Asian Cajun girls asked me to do a tutorial on photography last week. When asked, I deliver.
One thing is clear though I wouldn’t call what I do ‘photography’. People sometimes ask me if I’m a photographer. I am NOT. I just like taking photos of certain things in a certain way. When people ask me how I take photos I tell them that I just point and shoot. I don’t listen to what so-called experts say so what I’m saying here is just to show you how I do things and not asking you to follow. If you’re just interested to know how I took shots at the Elsa Couture launch, Fremantle High Street collective and other events..read on.
What I shoot, subject : I snap all the time but I do like shooting in high energy places such as busy restaurants, concerts and most of all fashion shows. I don’t like having to set up lights, and props etc since I’m not a photographer nor a stylist. For that reason most of my photos are taken with available lights. More on that coming up.
If I didn’t use the flash (not full but 20% I think) here he would have come out really dark. Check the settings here.
Flash or not to flash: I don’t use flash. Not usually that is. Only time I used my Nikon Speedlight 800 was at the Burlesque party. I rarely use the on-board flash on my camera but it did come in handy when I was shooting some sunset with my guy in the scene. As for the outfit post photos, I’ve been using lots of lamps around the room when I was living in my old house. My dressing room there was pretty dark so I had to but where I’m now I don’t have to as there’s really bright halogen lighting in the kitchen. I never use the red-eye setting. Doesn’t work and it just drains my battery much quicker.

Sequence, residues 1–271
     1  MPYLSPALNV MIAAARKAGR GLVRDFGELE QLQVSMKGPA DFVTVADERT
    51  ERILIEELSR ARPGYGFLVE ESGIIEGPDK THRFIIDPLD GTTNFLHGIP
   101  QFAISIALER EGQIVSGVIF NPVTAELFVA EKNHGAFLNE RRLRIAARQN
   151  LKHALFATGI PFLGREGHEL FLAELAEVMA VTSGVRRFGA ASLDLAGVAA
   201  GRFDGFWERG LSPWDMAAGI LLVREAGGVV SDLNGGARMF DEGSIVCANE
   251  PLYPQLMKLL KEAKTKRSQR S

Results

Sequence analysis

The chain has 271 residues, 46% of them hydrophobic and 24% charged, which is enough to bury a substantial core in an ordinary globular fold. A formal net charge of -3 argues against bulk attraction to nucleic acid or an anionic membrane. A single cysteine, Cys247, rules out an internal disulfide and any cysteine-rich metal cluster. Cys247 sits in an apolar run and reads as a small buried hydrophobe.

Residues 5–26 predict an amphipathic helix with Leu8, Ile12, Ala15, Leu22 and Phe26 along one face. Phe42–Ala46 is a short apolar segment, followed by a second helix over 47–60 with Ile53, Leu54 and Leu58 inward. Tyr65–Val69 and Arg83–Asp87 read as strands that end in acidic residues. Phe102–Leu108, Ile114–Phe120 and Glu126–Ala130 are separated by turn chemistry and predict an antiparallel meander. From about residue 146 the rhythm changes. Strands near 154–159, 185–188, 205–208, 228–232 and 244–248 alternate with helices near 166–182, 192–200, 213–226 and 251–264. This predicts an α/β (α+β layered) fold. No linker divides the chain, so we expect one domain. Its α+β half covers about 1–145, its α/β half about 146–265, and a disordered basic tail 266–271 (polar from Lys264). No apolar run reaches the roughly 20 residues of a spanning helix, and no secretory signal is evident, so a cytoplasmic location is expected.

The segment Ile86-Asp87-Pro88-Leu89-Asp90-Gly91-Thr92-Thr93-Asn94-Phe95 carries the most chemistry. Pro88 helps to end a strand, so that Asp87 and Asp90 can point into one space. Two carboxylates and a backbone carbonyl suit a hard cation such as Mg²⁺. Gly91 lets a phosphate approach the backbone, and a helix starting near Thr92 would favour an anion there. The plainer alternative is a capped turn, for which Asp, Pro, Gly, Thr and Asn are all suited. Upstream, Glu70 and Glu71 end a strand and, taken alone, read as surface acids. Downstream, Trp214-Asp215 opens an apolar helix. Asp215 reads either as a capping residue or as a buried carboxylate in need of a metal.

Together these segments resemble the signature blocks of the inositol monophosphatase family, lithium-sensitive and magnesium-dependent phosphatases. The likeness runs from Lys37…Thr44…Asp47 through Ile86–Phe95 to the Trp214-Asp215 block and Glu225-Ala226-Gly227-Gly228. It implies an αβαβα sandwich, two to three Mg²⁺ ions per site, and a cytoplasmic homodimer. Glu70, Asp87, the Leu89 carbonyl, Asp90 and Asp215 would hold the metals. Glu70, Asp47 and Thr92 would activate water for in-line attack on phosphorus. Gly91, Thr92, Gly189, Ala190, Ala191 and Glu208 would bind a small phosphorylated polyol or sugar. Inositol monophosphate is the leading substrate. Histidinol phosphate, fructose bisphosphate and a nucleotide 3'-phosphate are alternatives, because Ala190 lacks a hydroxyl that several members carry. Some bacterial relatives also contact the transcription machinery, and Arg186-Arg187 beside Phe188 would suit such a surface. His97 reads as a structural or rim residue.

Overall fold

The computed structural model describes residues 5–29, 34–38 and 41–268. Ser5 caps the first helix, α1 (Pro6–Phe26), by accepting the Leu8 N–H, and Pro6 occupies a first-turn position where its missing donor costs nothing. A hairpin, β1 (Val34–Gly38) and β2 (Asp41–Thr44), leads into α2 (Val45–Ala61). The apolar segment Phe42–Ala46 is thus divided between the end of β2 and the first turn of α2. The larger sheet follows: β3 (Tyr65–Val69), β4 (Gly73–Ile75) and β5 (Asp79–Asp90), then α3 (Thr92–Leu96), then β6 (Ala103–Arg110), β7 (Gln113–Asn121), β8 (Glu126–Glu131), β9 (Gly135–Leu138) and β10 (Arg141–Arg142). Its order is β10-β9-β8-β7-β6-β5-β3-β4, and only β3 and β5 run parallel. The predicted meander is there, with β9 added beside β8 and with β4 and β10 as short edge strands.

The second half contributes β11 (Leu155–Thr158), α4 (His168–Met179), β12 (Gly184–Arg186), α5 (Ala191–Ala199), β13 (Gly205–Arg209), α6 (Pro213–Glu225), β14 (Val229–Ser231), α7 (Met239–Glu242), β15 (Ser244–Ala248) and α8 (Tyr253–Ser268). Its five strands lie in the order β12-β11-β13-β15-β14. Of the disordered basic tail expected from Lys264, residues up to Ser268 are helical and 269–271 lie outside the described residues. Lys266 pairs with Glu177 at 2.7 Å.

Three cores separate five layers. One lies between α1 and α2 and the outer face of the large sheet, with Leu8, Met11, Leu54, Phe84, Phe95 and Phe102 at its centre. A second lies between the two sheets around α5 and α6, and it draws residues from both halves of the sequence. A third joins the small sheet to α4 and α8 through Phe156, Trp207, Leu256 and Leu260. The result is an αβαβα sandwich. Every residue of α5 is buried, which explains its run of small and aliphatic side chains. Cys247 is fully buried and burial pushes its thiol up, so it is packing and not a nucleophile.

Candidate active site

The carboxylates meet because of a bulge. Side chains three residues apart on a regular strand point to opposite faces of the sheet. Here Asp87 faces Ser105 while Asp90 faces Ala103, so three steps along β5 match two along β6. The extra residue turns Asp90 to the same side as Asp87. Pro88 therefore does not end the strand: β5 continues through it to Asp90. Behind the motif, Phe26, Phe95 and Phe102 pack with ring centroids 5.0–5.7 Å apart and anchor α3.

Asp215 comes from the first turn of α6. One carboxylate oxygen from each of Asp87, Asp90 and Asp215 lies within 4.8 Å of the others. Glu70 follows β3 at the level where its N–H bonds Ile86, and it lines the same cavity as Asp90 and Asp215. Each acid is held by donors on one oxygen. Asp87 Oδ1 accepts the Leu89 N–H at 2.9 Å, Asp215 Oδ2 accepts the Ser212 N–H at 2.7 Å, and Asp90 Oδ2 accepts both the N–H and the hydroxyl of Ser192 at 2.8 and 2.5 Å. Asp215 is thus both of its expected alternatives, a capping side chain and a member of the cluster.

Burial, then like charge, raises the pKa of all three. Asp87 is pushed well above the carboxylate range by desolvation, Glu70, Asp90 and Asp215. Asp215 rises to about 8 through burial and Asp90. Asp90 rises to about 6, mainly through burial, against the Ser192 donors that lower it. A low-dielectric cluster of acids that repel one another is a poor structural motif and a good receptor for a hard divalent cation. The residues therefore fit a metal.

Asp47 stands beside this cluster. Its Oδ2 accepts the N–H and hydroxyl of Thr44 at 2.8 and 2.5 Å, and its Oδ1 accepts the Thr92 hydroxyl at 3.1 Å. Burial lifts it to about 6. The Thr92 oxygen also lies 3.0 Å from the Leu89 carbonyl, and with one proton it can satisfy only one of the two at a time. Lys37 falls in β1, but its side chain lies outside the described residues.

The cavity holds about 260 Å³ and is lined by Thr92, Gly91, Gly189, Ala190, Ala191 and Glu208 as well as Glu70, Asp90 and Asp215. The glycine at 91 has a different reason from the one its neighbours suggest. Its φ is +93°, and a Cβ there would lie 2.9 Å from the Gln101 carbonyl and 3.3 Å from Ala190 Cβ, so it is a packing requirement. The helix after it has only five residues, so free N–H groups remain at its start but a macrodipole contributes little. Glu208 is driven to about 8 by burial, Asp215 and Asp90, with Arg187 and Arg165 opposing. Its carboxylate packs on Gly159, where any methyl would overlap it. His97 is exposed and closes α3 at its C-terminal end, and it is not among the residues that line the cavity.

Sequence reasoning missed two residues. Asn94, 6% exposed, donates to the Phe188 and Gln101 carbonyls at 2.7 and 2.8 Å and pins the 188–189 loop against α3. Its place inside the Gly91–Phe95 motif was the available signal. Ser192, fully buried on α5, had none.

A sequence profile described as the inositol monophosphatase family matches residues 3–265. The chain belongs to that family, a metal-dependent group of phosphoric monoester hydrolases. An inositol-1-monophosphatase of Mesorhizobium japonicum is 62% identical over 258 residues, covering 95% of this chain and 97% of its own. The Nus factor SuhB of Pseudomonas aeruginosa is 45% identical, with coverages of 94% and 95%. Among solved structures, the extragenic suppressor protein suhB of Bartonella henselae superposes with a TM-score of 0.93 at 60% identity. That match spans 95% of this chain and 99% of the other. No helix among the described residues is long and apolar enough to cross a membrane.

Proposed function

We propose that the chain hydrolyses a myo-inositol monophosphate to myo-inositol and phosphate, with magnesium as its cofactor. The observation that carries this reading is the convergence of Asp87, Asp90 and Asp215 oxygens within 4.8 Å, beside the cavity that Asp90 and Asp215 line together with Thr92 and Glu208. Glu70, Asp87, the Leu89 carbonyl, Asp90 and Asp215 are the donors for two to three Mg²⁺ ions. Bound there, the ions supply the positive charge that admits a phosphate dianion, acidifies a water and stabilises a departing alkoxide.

Which camera?: This seems to be a perennial question for a lot of photo enthusiasts. I use Nikon D50 which my guy bought for me in 2005. Nikon and Canon both make really good cameras. There’s are lots of famous names but I haven’t used all of them so I cannot speak with any authority. I don’t participate in Nikon vs Canon battles either. I used both and they both make great pictures. Don’t listen to people raving about pixels. Now we can buy 24mega pixel cameras. Honestly, I don’t need one of those. Mine is 6 MP. Extra pixels don’t make good photos. For professionals shooting landscape and portrait stuff extra pixels will be good but for a snap shooter like me I don’t need all those pixels. Why? More pixels demand faster everything. Faster memory cards, faster computer and more RAM on my machine etc..it takes more time for everything. Downloading, storing and manipulating the list goes on. As I always say, time is of essence.
For the burlesque photos it would have been just as good to use a small pocket camera such as Canon SD880. Single Lens Reflex camera such as Nikon D50 or Canon 5D (confused? don’t worry.. I’m confused too) are good if you are willing to lug around a relatively heavy camera gear. They are not exactly small enough to fit in a handbag if you know what I mean. If you are thinking of buying a new camera I’d go with a Canon pocket camera and play with it a lot before going into buying an SLR. I even took photos of fireworks with my really old Canon digital IXUS 400 this year. This model came out in 2003 and I still use it. I see a lot of good photos taken with small pocket cameras and a lot of crappy photos taken with the latest mega Mega Pixel SLRs.
I’m thinking of buying extra camera(s) for these reasons: